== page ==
Beijing claims British consul employee arrested for soliciting prostitutes

Domestic News

On Wednesday, the South China Morning Post reported that Simon Cheng Man-kit (郑文杰 Zhèng Wénjié), 28, an employee of the British consulate in Hong Kong, was detained in China “for breaking the law.” Yesterday there was this news, not from the police but from the Twitter feed of the editor of the Global Times:

According to police, Simon Cheng, an employee of the British consulate in HK, was detained in Shenzhen for visiting prostitute. Police didn’t contact his family requested by Cheng. Police are willing to help reduce damage to his reputation, UK diplomats and media ruined him.

The story is quite clearly made up: for one thing, the above tweet is actually the source of “damage to his reputation.” Additionally, per this tweet from Michael Mo:

Getting caught because of prostitution at West Kowloon XRL Station? Either “mile fast club” service available on the train or a lame lie we are used to target political figures.

BTW, how can be it done in a 17-min ride? You must be joking, Peking!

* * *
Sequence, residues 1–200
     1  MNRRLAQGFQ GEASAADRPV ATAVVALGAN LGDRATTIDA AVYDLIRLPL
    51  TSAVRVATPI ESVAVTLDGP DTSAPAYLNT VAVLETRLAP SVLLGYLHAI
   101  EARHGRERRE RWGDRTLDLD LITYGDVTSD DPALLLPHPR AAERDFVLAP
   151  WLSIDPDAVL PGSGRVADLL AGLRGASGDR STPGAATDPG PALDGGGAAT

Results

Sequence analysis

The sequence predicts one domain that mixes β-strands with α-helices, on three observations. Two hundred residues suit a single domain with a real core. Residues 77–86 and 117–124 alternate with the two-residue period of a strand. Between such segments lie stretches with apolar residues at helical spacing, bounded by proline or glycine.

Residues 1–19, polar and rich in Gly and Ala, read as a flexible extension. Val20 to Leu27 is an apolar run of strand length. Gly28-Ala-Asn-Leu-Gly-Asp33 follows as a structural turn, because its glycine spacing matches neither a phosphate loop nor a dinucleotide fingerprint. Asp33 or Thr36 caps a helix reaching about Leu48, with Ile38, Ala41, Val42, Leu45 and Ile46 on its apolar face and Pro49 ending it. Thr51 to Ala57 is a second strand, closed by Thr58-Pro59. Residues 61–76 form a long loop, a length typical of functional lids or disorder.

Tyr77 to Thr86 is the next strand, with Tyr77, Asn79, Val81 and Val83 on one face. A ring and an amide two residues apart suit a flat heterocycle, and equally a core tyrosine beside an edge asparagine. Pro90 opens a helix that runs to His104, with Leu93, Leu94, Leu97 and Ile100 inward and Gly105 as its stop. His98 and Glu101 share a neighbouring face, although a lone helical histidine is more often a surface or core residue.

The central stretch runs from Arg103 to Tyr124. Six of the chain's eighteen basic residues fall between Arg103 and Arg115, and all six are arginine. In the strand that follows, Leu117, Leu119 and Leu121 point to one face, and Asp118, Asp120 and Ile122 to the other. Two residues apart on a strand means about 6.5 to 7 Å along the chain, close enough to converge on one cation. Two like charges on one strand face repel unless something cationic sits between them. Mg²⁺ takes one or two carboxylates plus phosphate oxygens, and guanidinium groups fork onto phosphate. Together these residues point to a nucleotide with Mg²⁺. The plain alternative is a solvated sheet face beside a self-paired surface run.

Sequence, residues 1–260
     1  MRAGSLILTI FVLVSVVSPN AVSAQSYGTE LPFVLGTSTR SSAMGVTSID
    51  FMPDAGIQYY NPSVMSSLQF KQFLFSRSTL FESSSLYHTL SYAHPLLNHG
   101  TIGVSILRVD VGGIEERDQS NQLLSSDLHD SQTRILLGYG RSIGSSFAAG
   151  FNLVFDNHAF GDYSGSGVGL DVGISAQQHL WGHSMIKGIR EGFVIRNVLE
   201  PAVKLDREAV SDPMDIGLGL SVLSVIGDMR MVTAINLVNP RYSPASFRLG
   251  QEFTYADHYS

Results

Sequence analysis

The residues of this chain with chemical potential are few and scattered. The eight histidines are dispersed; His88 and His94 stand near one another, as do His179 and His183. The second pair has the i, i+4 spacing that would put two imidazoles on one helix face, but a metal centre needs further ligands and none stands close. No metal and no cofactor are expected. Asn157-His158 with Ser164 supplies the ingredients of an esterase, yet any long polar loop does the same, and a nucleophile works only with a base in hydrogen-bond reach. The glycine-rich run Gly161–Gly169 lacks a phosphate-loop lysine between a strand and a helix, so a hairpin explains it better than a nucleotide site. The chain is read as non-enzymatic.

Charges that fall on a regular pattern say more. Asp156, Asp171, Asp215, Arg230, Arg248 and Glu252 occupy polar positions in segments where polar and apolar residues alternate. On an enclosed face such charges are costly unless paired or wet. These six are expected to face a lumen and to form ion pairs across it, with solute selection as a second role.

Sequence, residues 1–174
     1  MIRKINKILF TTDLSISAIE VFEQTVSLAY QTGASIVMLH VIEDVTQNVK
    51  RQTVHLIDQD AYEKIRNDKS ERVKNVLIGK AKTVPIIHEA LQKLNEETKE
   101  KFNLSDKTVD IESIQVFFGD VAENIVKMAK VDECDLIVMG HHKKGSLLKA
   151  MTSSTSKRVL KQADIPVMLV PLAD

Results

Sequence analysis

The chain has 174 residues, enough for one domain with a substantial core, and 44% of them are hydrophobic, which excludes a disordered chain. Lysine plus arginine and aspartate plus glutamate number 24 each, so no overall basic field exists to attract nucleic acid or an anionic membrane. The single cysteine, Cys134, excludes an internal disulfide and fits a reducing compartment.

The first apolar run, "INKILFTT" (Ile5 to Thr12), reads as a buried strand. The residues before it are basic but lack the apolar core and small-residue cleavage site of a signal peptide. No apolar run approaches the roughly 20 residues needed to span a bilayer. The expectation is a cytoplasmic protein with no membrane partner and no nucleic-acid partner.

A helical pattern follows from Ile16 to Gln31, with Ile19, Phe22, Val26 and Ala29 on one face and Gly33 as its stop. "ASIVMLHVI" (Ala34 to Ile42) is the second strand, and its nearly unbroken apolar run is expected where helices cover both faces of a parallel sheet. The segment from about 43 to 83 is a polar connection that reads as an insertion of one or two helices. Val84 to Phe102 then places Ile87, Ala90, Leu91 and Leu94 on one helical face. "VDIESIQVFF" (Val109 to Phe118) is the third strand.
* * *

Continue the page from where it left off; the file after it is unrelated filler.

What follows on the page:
Accusing political enemies of sexual improprieties, particularly visiting prostitutes, is an old Party tactic. See also Family of detained British consulate staffer refutes Chinese state media’s prostitution claim from Hong Kong Free Press, and this Twitter thread from scholar Mike Gow.

Cheng’s arrest will not reassure Hong Kongers about Beijing’s intentions. According to CNN:

Cheng’s detention is even more symbolic for where it may have taken place: Not at the primary border crossings of Lok Ma Chau and Lo Wu, across from the Chinese city of Shenzhen, but in the heart of Hong Kong.

The high-speed train between Shenzhen and Hong Kong only passes through one immigration checkpoint: West Kowloon station, shared by both China and Hong Kong on the tip of the territory’s northern peninsula. At a demonstration outside the British consulate Wednesday, protesters said Cheng’s apparent arrest was likely one of many, and linked his detention to longstanding fears about the station’s immigration arrangement.